Tell the EU to screw off then negotiate afterwards: archive.is/TEYL6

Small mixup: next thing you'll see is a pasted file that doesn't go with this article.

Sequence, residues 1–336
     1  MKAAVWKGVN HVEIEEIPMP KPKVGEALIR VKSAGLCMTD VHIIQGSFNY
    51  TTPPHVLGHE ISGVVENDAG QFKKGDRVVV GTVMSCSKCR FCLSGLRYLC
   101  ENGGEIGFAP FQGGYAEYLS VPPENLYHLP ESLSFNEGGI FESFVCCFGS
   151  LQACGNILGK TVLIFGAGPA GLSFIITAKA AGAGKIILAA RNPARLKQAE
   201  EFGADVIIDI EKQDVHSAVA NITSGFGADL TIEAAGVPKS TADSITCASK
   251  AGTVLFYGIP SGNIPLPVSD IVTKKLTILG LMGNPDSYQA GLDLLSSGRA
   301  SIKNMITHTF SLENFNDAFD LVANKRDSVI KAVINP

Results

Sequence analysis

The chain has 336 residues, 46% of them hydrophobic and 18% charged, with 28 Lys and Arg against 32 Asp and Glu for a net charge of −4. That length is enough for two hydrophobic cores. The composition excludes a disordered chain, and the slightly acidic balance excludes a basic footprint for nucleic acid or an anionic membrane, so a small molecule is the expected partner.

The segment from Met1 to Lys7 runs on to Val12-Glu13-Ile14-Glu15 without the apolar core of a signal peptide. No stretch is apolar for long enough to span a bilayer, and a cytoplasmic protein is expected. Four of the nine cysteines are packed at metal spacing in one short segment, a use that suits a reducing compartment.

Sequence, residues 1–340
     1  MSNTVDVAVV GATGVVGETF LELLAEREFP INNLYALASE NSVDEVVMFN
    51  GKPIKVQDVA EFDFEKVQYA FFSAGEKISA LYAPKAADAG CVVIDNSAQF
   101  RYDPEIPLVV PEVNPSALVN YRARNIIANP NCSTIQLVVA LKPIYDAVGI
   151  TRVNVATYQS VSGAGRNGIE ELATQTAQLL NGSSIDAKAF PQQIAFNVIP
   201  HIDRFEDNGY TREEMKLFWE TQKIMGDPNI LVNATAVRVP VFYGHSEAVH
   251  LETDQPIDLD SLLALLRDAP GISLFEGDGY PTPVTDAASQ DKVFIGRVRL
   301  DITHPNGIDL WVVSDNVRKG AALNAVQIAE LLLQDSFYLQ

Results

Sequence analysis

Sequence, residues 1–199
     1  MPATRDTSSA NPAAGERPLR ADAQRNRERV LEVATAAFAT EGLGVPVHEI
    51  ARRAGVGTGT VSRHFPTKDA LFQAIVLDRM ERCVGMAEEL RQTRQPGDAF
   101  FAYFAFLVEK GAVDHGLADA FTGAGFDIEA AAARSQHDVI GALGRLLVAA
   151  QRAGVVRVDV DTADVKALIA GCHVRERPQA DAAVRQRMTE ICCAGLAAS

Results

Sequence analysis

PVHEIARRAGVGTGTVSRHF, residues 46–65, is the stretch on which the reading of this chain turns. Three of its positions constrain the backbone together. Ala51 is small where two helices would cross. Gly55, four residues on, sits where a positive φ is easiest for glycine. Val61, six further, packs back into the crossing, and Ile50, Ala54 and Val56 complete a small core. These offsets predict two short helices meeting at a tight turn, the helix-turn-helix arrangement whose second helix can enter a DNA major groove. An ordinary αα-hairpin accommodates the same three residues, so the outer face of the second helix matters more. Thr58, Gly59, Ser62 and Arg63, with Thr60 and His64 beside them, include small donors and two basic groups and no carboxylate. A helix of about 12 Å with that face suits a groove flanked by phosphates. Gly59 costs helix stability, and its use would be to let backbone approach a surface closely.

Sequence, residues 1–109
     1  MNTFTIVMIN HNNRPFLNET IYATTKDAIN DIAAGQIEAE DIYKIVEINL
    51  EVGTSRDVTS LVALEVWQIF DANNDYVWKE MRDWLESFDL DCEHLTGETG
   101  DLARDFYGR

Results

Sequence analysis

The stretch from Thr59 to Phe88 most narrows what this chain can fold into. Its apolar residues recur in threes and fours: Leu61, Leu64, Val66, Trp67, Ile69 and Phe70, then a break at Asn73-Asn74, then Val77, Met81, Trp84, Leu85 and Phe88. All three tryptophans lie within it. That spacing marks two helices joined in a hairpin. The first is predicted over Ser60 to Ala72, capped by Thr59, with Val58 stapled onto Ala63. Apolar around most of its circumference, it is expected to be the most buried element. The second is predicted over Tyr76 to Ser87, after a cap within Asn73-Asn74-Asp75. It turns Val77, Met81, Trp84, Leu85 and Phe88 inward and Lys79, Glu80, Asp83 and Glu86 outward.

Theresa May surely by now symbolises the phrase “bad day at the office”. This week, having spent months negotiating the deal by which Britain will leave the European Union next March, May had a gruelling five-hour meeting with her cabinet on Wednesday night. That evening, she told the nation that agreement had been reached, though with reservations. Those reservations burst into the open next morning when the minister responsible for negotiating the said deal, Dominic Raab, led a wave of resignations, as May sat for three hours in front of parliament listening to MP after MP from her own party telling her they would oppose the deal. Some called for her to resign.Britain is now in its deepest political crisis since the second world war. May’s deal seems all but dead, as there is no viable way for it to pass through parliament. She herself still refuses to accept this. With just four months to go till “Brexit day”, and a matter of weeks before the government must initiate emergency measures in preparation for “no deal” Brexit shortages, what happens next is anyone’s guess. But a general election, a new referendum or a new Tory leader and fresh negotiations are all very serious possibilities.
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